I recently ran across the article 20 Lies Parents Tell Their Children and the title intrigued me as I have often had a list running through my own head. After reading it, I was simply left disappointed. This area of great importance was sadly wasted on many points that are not, in fact, lies but instead seemed to be used as a platform for a presumably bitter man.
In an attempt to fill the void and really bring out the genuine issue of the cultural norm of lying to our children, I wanted to throw together my own list of lies told by many parents. Some may be told with positive intentions, but that does not discount the fact that lies are confusing and are never warranted, especially to those who rely on us to learn about the wide world they are attempting to navigate.
- Santa is real (or the Easter Bunny, or Tooth Fairy, or any other obvious fictional character). This topic is certainly a hot button issue around the holidays. Many stand firm in elaborate fabrications to keep their children believing the lies year after year claiming that it is the magic of the season or necessary for a child’s innocence. But no matter what the purpose behind it, the truth is that these parents are lying to their children each and every time they say this. There is no other way to look at it. “Santa brought you these presents” is as blatant a lie as “I am a platypus.”
- You should never talk to strangers. A common sentiment of our culture, parents adamantly tell this to their children. But it is a lie and it confuses countless children as their parents demand they answer the pleasant cashier who just asked their name or inform their children of who to go to when they get lost. The reality is that children should talk to strangers and parents are often very aware of these situations as they tell their children the opposite. There are very real dangers in silencing them from never speaking to anyone they do not know well so tell them the truth: you should most certainly talk to strangers in these necessary scenarios [insert continued conversation here]
- You have to go to school. No they don’t. “I am choosing to send you to school” or “my financial situation requires that you go to school” or “I believe it is best for you to go to school” would all be more accurate statements. To tell your children that they have to go to school is a lie that removes parents from the responsibility of the choices they themselves make. It tells the children that it is outside of their control in order to get them to go to school without question. If we told them the truth, then perhaps (especially older children) could work for themselves to come up with alternatives to their education. There are a lot of alternatives. Children just need to know the truth in order to seek them if they wish too. Children do not have to go to school. Their parents choose to send them.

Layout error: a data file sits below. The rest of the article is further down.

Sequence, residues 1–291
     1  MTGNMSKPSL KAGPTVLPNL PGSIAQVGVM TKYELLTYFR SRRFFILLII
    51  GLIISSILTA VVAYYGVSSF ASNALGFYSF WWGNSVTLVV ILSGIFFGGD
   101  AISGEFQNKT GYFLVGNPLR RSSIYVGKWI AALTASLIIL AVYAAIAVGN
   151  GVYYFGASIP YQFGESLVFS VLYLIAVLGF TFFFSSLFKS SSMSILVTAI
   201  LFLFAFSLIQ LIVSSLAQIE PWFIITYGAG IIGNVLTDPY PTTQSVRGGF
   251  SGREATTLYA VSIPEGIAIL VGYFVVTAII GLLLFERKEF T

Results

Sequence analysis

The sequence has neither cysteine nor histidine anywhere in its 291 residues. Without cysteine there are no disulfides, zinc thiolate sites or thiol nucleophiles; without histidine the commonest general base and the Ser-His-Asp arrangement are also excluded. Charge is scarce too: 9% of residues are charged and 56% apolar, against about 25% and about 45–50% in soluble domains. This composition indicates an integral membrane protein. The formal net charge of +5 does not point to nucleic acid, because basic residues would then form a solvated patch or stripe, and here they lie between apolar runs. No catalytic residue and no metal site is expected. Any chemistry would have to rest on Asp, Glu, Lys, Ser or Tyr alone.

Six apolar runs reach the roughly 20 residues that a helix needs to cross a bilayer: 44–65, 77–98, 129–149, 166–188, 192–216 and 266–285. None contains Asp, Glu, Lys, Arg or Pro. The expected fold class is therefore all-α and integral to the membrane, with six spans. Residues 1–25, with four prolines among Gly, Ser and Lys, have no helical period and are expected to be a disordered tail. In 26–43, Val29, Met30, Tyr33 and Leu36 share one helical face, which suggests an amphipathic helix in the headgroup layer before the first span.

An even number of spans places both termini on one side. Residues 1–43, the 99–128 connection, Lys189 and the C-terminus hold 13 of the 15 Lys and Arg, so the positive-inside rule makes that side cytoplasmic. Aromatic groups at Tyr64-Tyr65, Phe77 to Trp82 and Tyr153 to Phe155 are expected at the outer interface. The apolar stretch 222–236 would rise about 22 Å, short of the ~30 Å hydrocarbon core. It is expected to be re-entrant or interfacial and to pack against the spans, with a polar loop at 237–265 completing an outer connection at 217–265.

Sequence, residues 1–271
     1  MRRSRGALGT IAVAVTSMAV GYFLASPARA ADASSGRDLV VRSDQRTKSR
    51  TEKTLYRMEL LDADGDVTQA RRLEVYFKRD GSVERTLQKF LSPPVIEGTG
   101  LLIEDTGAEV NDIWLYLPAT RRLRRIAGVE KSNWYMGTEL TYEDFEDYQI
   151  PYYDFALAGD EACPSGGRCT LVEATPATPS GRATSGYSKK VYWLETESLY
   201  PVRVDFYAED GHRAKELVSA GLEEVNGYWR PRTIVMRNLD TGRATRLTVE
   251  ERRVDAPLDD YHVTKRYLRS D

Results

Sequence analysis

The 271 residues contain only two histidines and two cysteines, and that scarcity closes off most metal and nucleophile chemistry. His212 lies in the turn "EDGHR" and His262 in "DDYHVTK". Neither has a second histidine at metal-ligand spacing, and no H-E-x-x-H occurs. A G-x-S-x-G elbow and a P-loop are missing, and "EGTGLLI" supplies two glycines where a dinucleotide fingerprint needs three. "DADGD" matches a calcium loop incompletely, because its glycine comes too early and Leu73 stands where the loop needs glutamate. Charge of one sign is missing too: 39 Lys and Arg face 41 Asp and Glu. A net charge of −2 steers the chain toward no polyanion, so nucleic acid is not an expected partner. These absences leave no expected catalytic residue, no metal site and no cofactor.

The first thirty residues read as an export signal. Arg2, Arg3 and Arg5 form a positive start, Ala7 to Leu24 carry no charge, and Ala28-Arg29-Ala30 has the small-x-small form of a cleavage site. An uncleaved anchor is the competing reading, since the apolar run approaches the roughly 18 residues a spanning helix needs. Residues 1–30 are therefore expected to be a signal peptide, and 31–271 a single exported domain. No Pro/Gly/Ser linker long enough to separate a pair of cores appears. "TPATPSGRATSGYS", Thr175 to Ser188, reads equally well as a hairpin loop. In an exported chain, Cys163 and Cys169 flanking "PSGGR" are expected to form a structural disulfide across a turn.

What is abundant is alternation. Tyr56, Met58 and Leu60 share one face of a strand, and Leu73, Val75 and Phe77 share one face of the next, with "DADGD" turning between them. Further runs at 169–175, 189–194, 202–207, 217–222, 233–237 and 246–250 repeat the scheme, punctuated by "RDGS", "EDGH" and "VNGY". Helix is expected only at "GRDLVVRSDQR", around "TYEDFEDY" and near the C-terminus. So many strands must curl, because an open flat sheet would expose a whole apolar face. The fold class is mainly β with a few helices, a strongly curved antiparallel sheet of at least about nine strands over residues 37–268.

- You have to share your toys. Much like telling children they have to go to school, telling them they have to share is simply not true. They don’t have to do anything they don’t want to do. “I am making you share your toys” is the reality. By telling them that they have to give someone else their things based on your personal feelings is to rob them of very necessary boundary lessons which they will carry for the rest of their lives. By telling them the truth which is that they can choose to share while pointing out what may happen (in truth, not in threat) if they do not, the parent gives the child a very important lesson in reality which will serve them much better in their future years.
- Just be yourself and they’ll like you. The truth? Just be yourself and they might like you or they might hate you. Many children are told that just being themselves will be enough to gain friends or get rid of bullies. When their experiences show them otherwise, they assume what their parents have said is true and that something is wrong with who they are, thus they opt out of being themselves. If children were told the truth which is that being themselves may lead to people still not liking them, which is not a problem with them but rather the other person, then they may be less apt to alter themselves to fit the lie they have been fed.
Each of these lies sound catchy and well-intentioned, but the reality is that they are lies that children cling strongly to for life. As parents, our words are very strong tools to reaching our children and catchy phrases and concepts spewed over and over for years as truths become deeply ingrained causing confusion as the reality hits and they are left with dealing with the words they have been taught by their most trusted loved ones versus their own personal experiences.
By omitting lies altogether and simply giving our children complete truths, we build bonds, gain deeper trust and set our children up for a lifetime of successes instead of a lifetime of trying to figure out what truth really is.